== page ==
Last month, Rachel Kim, our outgoing education editor, had the idea for the South Side Weekly to hold a student essay contest this summer. The theme for the contest was topical: as Lori Lightfoot was to be sworn in as mayor, we wanted to hear from middle and high school students from around the South Side what they wanted Mayor Lightfoot “to know and understand about [their] neighborhood,” and the “stories and memories about the people and places in [their] community” that “best exemplify the future of Chicago [they] want to see.”
We received over twenty-five submissions from all over the South Side. It was difficult to narrow them down. There were so many beautiful, thoughtful essays, each offering a different view of their South Side community and what they thought was the most important thing to tell Chicago’s new mayor. In the end, we chose three essays to print. Read the other two: “Where We’re From” and “Windy City: The City with Less Air to Breathe.”
“Hey officer man, we don’t want nobody getting killed
Just open up that cell, let my brother out of jail
I got money for the bail now, well now” – J. Cole
Dear Mayor Lightfoot,
When I was a young girl, there was a shooting on my street while a block party was happening. I ran into my house, looking for a way out. I saw my dad stay in front to make sure everyone was okay. The police, helicopters, and ambulance lights seemed louder than the bullets shot that night.
But what I also remember as a girl is going to church and eating Takis in the front of my house while watching my dogs. I never knew that the shootings on my block would “define” my community. And if I’m being honest, that doesn’t define my community at all. I go outside and play with my friends outside. I have a class where we talk about advanced political issues, so believe me when I say we are not the “dangerous” ones in Chicago. In my community, I have people who show love and care. What defines my community is friends, family, and pride.
One day, my family was looking at houses in Oak Lawn. We were viewing a house and the owner told us, “One block away there is the mayor, and the police chief is the neighbor, and this house is next to former military members.” It was a beautiful neighborhood and had a lot of spirit, just like mine. After we left the house, my mom said, “If we move over here, you can’t bring your ghetto.” That comment made me extremely angry. The definition of ghetto is “a part of a city, especially a slum area, occupied by a minority group or groups.” My people in my neighborhood should not be treated like worthless pennies in a piggy bank called the South Side. We are the stars that shine when you can’t see the pathway. We deserve so much from the system. It’s come to a point where those in power make us forget our own worth. We are not ghetto—we are the uprising. We are the change in history.
What you have to understand about me is that I will never beat the same drum as everyone else. As a South Side girl, I’ve seen things happen in my community that no average North Side person can compare to. That’s the problem in Chicago: the difference between what we get and what we deserve.
I went to my cousin’s classroom on the North Side once. That was like walking into a new part of Chicago that I never knew existed before. Comparatively, on the South Side, it looks like we learn and live in a janitor’s closet. As our mayor, I think it’s time for you to change that. Make schools equal. We ask for good quality books, bigger classrooms, better supplies, and so much more. My class is small, and my own teacher pays for her own supplies. Why? Because we don’t get the same amount of resources that privileged people get. The problem isn’t only our schools, it is also how the system works in Chicago. I’m tuckered out seeing these differences in our city.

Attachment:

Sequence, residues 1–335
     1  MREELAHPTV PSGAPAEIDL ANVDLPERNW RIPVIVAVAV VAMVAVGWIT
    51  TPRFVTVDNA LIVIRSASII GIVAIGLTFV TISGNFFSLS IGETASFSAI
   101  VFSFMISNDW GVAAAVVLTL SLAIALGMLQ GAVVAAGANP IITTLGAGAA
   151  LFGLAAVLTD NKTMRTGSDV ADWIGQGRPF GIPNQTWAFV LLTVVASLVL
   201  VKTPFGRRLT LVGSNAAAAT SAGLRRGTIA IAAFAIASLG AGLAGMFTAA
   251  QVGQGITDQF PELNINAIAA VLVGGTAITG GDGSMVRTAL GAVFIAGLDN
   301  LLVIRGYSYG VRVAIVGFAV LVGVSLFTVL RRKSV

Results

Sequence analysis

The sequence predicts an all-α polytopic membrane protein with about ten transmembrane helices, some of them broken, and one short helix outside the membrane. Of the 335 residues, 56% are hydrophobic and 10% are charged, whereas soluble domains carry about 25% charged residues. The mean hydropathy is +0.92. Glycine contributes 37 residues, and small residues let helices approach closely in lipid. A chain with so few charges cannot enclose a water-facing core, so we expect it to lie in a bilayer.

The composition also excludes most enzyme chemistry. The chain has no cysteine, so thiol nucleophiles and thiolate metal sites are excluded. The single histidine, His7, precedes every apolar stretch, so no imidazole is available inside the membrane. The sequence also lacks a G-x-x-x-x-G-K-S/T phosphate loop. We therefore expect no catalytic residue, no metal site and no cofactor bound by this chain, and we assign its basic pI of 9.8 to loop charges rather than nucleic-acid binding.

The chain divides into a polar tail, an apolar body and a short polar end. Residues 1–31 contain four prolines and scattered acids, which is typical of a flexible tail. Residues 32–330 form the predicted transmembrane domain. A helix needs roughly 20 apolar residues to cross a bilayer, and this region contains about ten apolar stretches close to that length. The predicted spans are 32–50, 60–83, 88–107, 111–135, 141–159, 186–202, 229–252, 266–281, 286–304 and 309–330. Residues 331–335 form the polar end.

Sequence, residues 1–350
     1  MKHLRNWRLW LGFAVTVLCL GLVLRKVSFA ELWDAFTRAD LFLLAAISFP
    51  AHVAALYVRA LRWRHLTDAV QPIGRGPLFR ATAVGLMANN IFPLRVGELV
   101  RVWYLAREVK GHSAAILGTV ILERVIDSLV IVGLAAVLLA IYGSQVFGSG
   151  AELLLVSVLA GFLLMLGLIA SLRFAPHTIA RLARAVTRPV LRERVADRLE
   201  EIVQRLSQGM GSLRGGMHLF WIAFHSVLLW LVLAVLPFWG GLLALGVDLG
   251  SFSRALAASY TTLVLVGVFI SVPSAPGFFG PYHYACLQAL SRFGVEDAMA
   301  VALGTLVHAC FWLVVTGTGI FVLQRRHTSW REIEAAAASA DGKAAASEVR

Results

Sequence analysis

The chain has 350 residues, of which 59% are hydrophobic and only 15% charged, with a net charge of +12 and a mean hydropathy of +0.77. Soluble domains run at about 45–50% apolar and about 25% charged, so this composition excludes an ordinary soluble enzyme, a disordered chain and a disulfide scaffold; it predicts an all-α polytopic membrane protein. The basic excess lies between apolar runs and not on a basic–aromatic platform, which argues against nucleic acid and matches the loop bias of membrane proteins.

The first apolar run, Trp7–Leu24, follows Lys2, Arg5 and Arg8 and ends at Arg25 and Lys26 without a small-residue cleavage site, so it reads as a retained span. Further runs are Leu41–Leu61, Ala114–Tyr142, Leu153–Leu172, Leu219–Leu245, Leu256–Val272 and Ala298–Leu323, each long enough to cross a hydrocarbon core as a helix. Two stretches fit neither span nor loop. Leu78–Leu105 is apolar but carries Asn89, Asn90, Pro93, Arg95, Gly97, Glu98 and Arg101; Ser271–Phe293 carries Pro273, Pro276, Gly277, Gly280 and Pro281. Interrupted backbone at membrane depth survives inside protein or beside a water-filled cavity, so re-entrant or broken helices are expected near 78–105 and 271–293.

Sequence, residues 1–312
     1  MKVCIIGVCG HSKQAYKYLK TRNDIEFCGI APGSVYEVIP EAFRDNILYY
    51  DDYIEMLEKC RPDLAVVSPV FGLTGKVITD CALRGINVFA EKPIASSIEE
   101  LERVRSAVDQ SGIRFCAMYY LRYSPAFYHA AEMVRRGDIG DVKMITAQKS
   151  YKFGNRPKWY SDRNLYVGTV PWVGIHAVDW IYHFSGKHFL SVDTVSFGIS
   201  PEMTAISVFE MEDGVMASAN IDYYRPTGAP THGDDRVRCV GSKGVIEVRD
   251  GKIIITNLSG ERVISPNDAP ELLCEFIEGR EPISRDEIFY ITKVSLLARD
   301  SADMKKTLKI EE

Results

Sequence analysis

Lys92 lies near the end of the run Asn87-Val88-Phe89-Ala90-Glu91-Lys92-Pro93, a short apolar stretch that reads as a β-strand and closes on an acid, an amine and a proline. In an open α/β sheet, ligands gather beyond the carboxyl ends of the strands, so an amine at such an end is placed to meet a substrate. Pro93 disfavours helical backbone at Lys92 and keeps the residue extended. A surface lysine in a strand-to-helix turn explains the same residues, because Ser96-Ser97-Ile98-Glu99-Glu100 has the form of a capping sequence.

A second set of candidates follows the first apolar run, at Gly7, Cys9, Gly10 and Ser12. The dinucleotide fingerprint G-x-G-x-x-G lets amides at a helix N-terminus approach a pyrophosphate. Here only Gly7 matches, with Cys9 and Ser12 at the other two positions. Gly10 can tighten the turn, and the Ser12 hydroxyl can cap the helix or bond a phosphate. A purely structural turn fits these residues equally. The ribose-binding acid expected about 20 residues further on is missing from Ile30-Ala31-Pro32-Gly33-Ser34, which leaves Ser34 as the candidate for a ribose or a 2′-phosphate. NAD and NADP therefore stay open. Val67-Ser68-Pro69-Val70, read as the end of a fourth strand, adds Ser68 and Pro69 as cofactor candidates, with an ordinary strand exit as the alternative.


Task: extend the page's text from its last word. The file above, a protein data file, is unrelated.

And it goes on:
My class realizes how we are treated differently and we notice how Chicago is segregated. It’s a color line in Chicago. We are taught to stay reticent, and it’s quite draining at times. As a twelve-year-old girl still learning about and experiencing the world, I find it helpful to write about this, to show my value and power through my writing. I see myself making peace by persuading.
Rahm Emanuel, our former mayor, has degraded South and West Side people for something that isn’t our fault. The safety hazards are not our fault. Instead, it’s like Chicago’s political system is getting an F on a test they should have studied for. My question is, will you get an A on the test that has been failed for decades?
If we live in a city where shootings and kidnappings of women are more “normal” than teenagers graduating, what does that tell you about the change we need in Chicago? By the end of the time you are mayor, will my little cousins be able to play outside without getting shot?That’s up to you. If you want to succeed, listen to our voices and realize our worth because that’s something that our last mayor couldn’t do. Instead of the system playing us, let the kids play. Let the future population of Chicago continue to grow and be proud of what they’ve created themselves.
Keanna Figueroa lives in Gage Park and is a sixth grader at Sawyer Elementary School. She has a wonderful teacher named Ms. Gluckman here and a soon-to-be teacher named Ms. Taylor. This is her second contribution to the Weekly.